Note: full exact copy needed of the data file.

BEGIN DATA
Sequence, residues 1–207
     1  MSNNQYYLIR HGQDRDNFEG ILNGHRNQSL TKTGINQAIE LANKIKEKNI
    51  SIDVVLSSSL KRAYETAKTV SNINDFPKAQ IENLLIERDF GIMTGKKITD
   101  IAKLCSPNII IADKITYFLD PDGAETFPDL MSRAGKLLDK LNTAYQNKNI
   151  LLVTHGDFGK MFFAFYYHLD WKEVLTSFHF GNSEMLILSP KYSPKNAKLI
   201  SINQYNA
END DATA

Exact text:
Sequence, residues 1–207
     1  MSNNQYYLIR HGQDRDNFEG ILNGHRNQSL TKTGINQAIE LANKIKEKNI
    51  SIDVVLSSSL KRAYETAKTV SNINDFPKAQ IENLLIERDF GIMTGKKITD
   101  IAKLCSPNII IADKITYFLD PDGAETFPDL MSRAGKLLDK LNTAYQNKNI
   151  LLVTHGDFGK MFFAFYYHLD WKEVLTSFHF GNSEMLILSP KYSPKNAKLI
   201  SINQYNA